In Political Parties in the Eighties, Robert A. Goldwin, ed. (Washington: The AEI Press, 1980), pp. 20-33. Reprinted in Edward C. Banfield, Here the People Rule: Selected Essays (Washington, DC: AEI, 1991).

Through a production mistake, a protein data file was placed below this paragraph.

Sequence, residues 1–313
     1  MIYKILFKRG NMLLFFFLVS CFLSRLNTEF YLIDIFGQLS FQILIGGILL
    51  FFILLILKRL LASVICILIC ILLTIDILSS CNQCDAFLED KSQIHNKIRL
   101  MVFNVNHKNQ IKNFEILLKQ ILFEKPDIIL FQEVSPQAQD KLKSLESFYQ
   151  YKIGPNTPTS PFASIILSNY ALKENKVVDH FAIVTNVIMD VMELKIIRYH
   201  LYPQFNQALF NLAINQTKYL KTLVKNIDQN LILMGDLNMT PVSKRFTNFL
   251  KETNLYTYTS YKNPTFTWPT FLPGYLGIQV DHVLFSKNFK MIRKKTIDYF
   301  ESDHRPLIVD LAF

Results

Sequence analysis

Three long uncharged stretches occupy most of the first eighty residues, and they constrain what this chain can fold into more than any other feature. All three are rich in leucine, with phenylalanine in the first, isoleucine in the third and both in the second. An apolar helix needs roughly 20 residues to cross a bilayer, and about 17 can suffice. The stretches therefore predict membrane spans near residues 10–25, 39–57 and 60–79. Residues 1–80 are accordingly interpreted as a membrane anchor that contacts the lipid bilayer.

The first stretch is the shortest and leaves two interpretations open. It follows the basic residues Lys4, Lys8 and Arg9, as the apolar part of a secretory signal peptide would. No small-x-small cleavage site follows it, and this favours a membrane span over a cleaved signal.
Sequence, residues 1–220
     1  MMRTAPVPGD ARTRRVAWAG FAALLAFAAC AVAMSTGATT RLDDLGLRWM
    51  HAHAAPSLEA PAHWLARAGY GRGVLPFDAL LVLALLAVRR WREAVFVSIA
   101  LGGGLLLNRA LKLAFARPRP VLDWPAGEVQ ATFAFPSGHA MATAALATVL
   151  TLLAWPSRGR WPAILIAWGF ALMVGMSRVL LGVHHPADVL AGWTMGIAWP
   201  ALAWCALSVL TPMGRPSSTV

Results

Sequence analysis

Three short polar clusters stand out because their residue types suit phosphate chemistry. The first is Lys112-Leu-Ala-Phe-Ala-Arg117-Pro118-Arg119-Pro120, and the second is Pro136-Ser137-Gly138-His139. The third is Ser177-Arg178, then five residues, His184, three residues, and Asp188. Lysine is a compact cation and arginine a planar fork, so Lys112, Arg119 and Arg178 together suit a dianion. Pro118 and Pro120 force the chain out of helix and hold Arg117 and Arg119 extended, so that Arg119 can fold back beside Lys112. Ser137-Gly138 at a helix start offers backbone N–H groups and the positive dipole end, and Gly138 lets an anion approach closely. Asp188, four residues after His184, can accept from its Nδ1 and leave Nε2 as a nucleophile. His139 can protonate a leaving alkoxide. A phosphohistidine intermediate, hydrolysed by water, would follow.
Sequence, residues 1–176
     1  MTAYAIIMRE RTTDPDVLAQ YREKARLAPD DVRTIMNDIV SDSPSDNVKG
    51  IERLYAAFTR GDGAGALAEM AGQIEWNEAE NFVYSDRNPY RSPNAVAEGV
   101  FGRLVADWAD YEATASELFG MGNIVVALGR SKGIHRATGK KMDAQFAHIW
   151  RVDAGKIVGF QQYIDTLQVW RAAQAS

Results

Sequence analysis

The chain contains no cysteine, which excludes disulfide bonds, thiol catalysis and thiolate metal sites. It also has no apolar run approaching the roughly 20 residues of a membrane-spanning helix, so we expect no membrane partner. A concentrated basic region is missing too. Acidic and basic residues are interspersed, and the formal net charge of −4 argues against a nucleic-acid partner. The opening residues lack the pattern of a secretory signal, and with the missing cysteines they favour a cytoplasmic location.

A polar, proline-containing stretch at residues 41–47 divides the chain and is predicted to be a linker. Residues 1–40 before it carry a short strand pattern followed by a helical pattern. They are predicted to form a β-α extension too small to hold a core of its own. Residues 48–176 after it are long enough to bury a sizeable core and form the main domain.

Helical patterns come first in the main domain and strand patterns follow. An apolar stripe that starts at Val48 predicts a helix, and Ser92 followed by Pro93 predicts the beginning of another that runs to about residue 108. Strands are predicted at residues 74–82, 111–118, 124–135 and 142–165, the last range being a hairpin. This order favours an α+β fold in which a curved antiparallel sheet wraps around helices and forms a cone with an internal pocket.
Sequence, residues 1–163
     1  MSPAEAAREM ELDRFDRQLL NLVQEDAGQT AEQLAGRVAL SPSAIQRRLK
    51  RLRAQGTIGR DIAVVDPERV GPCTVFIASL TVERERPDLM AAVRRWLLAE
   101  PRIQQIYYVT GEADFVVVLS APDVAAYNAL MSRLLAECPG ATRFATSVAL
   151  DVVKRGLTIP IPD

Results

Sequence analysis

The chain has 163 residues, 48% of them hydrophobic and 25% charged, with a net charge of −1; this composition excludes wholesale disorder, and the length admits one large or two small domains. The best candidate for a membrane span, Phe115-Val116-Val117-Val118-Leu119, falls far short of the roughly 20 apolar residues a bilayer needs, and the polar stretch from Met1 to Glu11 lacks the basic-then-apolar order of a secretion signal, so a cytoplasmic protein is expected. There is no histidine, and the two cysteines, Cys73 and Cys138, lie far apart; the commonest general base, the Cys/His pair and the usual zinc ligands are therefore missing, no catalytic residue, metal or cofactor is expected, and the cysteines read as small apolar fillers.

In a paper written almost twenty years ago, I maintained that a political system is an accident, and that to meddle with one that works well is the greatest foolishness of which men are capable. Nevertheless, I said, a democracy will always meddle, because its logic legitimates only such power as arises from reasonable discussion about the common good in which all participate. A democracy will therefore try to reform away all power from other sources and—since power arising from reasonable discussion is never enough to govern—democracy must eventually reform itself out of existence. My argument referred especially to the American party system, which had produced good results precisely because of its alleged defects, that is, its lack of correspondence to the democratic ideal. Eliminating these “defects,” I concluded, might “set off changes that will ramify throughout the political system, changing its character completely.”